The 1 percent of Americans who served in Iraq and Afghanistan are unified more than anything else by one attitude: They have few regrets.

Nearly nine in 10 said that even considering all they know about the military, they’d still choose to join if they could make the decision again, according to a Washington Post-Kaiser Family Foundation poll.

That view wavers little among those who paid a bigger price for their service: 92 percent among those who were seriously injured, 88 percent whose physical health is worse, 79 percent who said the wars are not worth fighting, and even 90 percent who did things in war that made them feel “guilty.”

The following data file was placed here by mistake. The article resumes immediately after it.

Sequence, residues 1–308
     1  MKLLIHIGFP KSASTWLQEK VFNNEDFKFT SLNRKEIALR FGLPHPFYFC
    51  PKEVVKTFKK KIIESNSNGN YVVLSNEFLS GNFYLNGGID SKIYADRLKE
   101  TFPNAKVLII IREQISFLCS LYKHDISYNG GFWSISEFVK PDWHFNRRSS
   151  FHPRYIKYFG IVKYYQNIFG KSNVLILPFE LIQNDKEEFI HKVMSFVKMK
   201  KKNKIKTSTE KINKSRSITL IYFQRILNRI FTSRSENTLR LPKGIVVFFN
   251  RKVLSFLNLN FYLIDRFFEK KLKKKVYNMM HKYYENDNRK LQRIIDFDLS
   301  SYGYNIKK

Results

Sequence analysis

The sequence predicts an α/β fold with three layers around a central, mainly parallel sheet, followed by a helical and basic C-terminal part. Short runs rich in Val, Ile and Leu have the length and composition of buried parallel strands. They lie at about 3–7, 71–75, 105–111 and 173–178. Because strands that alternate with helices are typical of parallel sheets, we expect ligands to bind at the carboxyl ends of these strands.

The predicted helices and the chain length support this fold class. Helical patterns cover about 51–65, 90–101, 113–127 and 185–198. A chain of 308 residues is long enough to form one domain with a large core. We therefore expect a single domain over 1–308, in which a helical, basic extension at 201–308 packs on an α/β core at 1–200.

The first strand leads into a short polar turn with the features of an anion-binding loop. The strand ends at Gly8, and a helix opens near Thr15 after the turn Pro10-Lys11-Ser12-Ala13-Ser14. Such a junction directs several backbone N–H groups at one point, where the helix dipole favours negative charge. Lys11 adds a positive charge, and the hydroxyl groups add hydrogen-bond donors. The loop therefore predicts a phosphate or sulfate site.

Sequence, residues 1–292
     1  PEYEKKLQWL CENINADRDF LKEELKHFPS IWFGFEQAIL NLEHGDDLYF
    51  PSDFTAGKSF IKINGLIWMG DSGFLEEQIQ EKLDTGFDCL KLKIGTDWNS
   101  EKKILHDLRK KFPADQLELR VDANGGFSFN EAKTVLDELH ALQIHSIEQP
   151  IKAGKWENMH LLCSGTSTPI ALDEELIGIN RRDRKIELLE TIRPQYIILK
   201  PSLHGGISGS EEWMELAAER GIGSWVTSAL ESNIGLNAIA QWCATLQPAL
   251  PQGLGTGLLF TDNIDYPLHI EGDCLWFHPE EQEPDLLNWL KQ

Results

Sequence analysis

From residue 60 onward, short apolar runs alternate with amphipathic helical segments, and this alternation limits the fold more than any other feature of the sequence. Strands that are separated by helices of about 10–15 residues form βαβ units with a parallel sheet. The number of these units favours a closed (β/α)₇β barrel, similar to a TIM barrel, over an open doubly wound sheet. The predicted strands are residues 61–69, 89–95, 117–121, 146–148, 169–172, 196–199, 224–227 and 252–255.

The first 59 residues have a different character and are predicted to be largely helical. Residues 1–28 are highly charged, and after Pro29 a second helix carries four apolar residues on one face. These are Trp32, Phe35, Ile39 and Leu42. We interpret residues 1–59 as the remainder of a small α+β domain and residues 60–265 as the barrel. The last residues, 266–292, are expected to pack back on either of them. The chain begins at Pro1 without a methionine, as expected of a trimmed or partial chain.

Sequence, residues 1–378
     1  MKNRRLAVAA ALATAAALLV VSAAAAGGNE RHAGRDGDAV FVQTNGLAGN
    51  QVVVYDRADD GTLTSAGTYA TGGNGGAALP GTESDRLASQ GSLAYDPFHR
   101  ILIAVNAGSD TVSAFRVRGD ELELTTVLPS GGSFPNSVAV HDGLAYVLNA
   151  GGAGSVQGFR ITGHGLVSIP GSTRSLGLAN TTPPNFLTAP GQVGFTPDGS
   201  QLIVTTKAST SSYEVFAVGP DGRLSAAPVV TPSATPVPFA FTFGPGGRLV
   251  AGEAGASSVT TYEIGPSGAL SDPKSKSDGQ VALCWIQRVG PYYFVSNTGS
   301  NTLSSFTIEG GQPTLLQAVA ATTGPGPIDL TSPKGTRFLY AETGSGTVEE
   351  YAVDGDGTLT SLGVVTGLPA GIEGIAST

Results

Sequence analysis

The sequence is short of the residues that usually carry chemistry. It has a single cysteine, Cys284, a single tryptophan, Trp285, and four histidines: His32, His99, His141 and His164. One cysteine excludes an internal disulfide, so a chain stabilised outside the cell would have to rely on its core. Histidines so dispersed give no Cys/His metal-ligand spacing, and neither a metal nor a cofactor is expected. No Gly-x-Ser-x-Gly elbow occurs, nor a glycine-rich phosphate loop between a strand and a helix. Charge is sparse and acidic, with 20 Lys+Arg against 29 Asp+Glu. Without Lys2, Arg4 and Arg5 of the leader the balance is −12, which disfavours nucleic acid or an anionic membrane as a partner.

The near unanimous confidence — rare agreement for opinion surveys — contrasts with splintered views over whether the wars were worth fighting and Presidents Barack Obama and George W. Bush’s leadership. On those issues, veterans break along partisan lines more common among fellow citizens in the general public.

But these divisions may not factor as much into veterans personal assessments of value. On the practical front, nearly half took advantage of the GI Bill, and eight in 10 felt the skills they learned in the military will be useful in the civilian job market (though their unemployment rate is higher than average).

Personal conviction is important as well. Fully 87 percent were proud about what they did in the war — 51 percent felt this way “often.” That pride also comes with a rare distinction, given 99 percent of Americans did not volunteer.

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